“Batman v Superman: Dawn of Justice”
How it has taken this long for Warner Bros. to jump on the opportunity to feature both Batman and Superman within a single live-action film, let alone see them duke it out, is a mystery to me. However, in the year of our Lord, 2016, we have finally gotten what comic-book readers have been begging for as well as an answer to what all superhero fans alike have been debating about for years: Who would win in a fight, Batman or Superman? It’s a question that has been answered on multiple occasions within the comics and animated adaptations, but it isn’t until now that we have finally gotten a live-action blockbuster to tell us whether the man of steel can overcome the dark knight or, perhaps, vice-versa. To give you a definitive answer within this review as to who arises victorious would be in violation of my moral critic code, and would constitute as one of the harshest spoilers a human being could possibly muster. Such an act should only be punishable by death. You’ll just have to see it for yourself; you won’t regret it.
Batman v Superman: Dawn of Justice expands upon what people thought was possible within a superhero film. It doesn’t necessarily redefine the genre, like 2008’s The Dark Knight did, but broadens the craft and technical prowess to lengths that many people, including myself, didn’t know possible. This is epic, state-of-the-art superhero filmmaking if I’ve ever seen it, and even for those who wouldn’t be caught dead watching a superhero film, this is truly something to behold.
After a brief look into the origin of the Batman (yes, again), the film begins where 2013’s Man of Steel (the first film in this new Marvel style DC cinematic universe) ended: with the destruction of the fictional city of Metropolis during Superman’s brutal battle with his first foe General Zod (Michael Shannon), only, this time, it’s from the point of view of Bruce Wayne/Batman (Ben Affleck). To see the devastation created by an almost limitlessly powerful being, who lacks the necessary restraint and sensibility towards his abilities, battle another of his kind was not the easiest sight to swallow back in 2013, and apparently Bruce Wayne was feeling just as uneasy as the audience. As Wayne drives through the streets of Metropolis, swerving out of the way of falling debris and crumbling skyscrapers, towards the Wayne Industries’ Metropolis office, he witnesses the worst of the decimation, including the deaths of hundreds of his professional “family” as the office building is blasted to smithereens by Superman’s heat vision in a fruitless attempt at defeating his enemy. The scene ends with Wayne looking up at Superman hurtling Zod through the sky as buildings are smashed by falling debris, an expression on his face that could only be described as pure, unadulterated hatred towards the being who is supposed to be earth’s mightiest hero.
One of the main criticisms of Man of Steel was its inclusion of the destruction of Metropolis. How could Superman be so callous as to disregard the massive repercussions of his so-called “heroics?” Should he answer for the destruction that he inadvertently caused? These are a few of the questions that Batman v Superman tries to answer, and the key word here is “tries.” The fact that it never truly gives a definitive answer is not a criticism. These are not the colorful heroes we have come to know in other superhero films, but flawed, confused, self-destructive individuals just trying their best to do the right thing in a bleak, manipulated world. It is something I have not seen done before and a rather daring choice by the studio, but one that is fascinating and extremely refreshing.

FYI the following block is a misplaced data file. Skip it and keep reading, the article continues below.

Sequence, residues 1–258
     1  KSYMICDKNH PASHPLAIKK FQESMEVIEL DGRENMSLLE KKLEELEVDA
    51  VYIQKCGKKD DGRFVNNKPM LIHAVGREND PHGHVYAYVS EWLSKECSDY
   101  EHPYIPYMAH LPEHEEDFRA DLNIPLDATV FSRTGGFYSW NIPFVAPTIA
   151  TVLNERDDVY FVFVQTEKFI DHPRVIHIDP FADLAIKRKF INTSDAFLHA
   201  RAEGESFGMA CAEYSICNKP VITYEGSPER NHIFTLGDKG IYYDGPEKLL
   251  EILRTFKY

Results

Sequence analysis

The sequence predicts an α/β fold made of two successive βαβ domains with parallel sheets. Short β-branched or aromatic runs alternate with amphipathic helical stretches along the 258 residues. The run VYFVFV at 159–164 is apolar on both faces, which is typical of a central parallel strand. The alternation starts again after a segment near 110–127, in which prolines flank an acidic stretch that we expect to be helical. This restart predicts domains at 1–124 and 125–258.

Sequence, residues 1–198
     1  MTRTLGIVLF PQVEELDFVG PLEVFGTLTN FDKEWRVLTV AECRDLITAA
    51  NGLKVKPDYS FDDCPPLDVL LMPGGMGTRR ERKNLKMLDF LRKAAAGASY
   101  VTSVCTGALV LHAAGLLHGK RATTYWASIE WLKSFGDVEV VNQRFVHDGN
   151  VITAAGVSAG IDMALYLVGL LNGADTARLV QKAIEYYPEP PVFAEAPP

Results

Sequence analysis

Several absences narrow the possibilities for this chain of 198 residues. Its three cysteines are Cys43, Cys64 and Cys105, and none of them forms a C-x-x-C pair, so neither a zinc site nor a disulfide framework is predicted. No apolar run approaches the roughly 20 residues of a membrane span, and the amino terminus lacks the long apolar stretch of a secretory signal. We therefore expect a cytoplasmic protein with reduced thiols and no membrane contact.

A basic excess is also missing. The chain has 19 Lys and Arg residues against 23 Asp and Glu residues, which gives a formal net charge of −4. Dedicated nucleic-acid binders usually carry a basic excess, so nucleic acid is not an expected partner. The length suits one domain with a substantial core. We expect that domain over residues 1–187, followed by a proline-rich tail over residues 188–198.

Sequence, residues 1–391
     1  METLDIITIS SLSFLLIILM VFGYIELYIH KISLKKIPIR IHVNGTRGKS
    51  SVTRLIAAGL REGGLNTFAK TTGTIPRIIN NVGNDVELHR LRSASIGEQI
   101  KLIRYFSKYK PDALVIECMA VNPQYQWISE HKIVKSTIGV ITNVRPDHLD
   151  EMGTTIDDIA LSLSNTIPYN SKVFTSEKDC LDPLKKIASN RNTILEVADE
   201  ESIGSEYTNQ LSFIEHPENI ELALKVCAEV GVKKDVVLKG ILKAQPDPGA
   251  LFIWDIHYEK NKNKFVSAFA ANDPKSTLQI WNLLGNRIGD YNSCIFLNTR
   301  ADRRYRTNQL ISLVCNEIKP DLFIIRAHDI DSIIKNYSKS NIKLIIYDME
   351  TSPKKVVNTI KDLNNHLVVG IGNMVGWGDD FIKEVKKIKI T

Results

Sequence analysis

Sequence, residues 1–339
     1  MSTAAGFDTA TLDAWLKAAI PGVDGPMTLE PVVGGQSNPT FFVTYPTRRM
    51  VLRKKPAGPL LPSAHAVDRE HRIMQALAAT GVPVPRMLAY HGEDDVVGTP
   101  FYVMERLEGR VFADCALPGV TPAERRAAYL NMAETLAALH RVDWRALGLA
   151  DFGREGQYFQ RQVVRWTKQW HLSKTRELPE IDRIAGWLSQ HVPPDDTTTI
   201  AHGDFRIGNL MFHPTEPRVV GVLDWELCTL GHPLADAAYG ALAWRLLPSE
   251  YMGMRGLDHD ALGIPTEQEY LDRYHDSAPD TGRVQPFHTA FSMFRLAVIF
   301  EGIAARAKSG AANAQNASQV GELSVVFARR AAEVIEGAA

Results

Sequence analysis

There is a line in the film that states, “We have gotten so caught up with what Superman can do, that we have forgotten to ask what he should do.” Bruce Wayne believes that he should be stopped, even killed, because, if he set his mind to it, he could potentially exterminate the entire human race, and even a 1% chance of him being earth’s enemy should be taken as an absolute. However, to some Superman is a beacon of hope, and since the events of Man of Steel, Superman has developed quite the record of good deeds and acts of bravery throughout the world, albeit a few slipups along the way in pursuit of some more selfish heroics. He is still having trouble containing his power, however, and it is due to this that some believe he should be controlled by a governing body rather than allow him to fly freely.
Some of these details may seem boring to some, and if this describes you, then this movie is not for you. While there is plenty of action, especially in the third act, this is a very dramatic, politically tuned comic-book film. One could even consider this a political drama as it challenges the viewer with questions concerning humanity’s need for hope and the dangers of absolute power, and this can either make or break the experience, depending upon the viewer. For myself, it made it. The tone director Zack Snyder and writers David S. Goyer and Chris Terrio have created for this universe is a fascinating one. It is a brilliant mixture of dialogue-driven drama and stunning action, which is a blend that is surprisingly difficult to perfect. It’s scenes of political discussions and philosophical debates are nevertheless enthralling, the points the characters bring up being uncommonly challenging and thought-provoking, some of it even provoking contemplation over some current bureaucratic issues, e.g. the current immigration crisis.